I read an interesting article on Retail Wire (Free Subscription Required) today, highlighting the efforts of apparel and toy retailers, which have reinvented the typical Buy One, Get One BOGO into a charitable program of Buy One, Give One.
For instance, children’s apparel chain Whitten Grey offers its shoppers the ability to buy one eco-friendly dress and choose from a selection of African countries where their second dress will be donated. The shopper also gets to pick the color of dress to be donated and to include a personal note to the little girl that will receive her dress in Africa. A noble program.
Lately, I have been noticing the Food Bank donation bins located next to Supermarket exits and just how bare these bins are at this time of year. There are also noble programs but how could retailers and suppliers really make it BIG?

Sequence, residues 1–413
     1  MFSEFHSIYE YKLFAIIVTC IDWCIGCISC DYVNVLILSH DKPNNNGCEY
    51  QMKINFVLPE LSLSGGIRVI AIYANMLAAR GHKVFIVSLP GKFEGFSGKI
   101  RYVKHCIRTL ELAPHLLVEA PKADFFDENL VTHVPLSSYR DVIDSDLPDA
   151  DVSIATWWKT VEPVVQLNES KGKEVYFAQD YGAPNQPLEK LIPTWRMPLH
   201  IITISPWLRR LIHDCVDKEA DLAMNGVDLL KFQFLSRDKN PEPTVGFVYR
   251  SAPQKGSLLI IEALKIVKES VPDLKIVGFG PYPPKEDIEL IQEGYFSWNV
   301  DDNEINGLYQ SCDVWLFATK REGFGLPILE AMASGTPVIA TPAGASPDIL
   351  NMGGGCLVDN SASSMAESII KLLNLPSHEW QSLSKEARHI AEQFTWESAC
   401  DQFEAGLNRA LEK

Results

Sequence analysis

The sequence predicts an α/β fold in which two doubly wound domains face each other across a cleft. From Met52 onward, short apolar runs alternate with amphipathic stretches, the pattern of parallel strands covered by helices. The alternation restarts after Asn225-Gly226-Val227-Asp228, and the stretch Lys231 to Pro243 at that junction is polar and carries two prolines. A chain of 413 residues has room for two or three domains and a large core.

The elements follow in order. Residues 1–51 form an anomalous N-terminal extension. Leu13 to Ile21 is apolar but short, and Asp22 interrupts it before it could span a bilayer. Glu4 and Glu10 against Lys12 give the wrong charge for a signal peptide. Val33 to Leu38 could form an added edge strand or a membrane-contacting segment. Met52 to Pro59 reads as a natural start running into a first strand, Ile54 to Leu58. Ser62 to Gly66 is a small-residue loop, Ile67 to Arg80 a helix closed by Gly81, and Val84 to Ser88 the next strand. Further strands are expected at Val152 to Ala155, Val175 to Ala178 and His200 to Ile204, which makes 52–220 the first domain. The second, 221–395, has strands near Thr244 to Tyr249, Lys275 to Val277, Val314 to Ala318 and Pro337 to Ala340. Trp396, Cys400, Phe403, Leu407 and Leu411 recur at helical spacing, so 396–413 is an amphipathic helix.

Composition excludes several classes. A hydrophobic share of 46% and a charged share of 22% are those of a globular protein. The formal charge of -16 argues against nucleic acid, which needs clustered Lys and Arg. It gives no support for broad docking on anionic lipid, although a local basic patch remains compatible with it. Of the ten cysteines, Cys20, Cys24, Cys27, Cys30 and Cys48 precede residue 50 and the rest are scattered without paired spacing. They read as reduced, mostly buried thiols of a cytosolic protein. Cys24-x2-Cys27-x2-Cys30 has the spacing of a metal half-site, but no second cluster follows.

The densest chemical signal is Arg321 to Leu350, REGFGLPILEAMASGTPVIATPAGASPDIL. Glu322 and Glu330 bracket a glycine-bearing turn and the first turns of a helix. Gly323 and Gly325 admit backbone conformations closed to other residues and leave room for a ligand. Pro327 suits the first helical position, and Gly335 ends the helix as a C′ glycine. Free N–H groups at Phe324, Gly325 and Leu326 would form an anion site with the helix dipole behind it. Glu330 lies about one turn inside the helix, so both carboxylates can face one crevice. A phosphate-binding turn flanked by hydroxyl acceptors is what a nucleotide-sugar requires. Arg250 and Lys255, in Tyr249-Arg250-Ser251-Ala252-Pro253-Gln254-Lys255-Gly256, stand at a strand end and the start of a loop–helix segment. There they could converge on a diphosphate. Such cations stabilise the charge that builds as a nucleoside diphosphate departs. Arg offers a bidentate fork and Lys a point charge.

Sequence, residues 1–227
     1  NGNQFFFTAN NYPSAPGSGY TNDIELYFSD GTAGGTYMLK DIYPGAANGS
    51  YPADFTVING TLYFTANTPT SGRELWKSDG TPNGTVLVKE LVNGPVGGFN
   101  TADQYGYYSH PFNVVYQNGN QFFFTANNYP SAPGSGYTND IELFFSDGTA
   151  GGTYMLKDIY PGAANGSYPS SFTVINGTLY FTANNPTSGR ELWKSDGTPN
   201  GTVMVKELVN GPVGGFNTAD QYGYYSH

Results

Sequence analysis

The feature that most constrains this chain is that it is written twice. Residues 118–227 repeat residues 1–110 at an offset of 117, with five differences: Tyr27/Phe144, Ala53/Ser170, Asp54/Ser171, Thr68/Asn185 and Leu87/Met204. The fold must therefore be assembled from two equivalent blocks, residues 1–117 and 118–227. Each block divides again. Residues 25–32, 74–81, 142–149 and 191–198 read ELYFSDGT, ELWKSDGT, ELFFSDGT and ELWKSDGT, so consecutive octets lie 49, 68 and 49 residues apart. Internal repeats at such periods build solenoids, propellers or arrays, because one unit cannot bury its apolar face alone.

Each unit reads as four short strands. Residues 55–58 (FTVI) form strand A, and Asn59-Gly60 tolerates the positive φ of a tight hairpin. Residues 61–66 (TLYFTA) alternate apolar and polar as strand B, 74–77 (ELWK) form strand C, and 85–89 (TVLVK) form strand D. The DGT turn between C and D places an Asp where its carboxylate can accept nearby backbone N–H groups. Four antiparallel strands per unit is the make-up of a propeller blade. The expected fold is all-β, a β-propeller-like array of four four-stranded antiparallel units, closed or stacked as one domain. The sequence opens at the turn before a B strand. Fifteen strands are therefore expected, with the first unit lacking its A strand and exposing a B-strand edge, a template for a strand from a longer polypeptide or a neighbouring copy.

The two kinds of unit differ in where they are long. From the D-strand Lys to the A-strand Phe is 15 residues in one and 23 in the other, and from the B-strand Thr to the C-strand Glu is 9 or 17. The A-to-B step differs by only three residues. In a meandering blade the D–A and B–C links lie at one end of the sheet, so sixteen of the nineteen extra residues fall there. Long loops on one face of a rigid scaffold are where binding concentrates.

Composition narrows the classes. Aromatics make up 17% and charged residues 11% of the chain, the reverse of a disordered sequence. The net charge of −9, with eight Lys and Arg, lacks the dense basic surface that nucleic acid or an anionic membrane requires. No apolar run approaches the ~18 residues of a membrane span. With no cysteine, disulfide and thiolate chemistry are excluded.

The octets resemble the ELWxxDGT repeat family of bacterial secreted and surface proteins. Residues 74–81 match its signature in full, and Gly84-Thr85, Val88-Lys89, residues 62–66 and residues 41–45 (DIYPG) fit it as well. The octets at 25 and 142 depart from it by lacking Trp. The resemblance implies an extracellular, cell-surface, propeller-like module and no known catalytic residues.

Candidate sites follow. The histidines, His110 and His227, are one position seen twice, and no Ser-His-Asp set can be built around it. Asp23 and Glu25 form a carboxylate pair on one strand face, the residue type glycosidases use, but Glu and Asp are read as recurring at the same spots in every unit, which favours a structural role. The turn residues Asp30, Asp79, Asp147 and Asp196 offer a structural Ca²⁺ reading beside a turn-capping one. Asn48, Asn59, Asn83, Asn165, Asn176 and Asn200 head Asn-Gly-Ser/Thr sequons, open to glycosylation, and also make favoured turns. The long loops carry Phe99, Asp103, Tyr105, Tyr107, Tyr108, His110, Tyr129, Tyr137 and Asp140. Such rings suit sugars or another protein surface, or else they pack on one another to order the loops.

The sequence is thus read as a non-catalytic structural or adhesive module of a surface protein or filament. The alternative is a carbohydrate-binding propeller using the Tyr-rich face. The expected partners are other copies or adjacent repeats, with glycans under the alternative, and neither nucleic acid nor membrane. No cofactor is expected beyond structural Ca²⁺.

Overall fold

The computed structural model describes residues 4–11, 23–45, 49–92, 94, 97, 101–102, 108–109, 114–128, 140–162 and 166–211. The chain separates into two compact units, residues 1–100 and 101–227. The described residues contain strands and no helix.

By adopting the Buy One, Give One promotion mechanism in Supermarkets both suppliers and retailers can raise awareness and make it easy for shoppers to donate to Food Banks.
Suppliers and Retailers still get to build brand and category sales while the Food Banks would be consulted to identify products they need at a specific point in time to ensure the maximum benefit is generated for the community. A real win-win-win.
This program could also go beyond Supermarkets and Food Banks.
Another high need group includes Women’s Shelters that protect women and children from abusive situations. Drugstores and Mass Merchandisers could make a difference with BOGO programs on health & beauty products, diapers, infant formula and so much more.
Food Banks and Women’s Shelters need our help all year round. However, the holiday season will soon be upon us, and what better time to kick off a Buy One, Give One program than when need is high and shopper awareness is equally high.
Imagine if each retailer in Canada ran only one of these promotions per year, with the free products being placed locally. With the high level of geographic overlap, our industry could stabilize the supply to these important organizations and make a huge difference to Canadians in need.
Food for thought.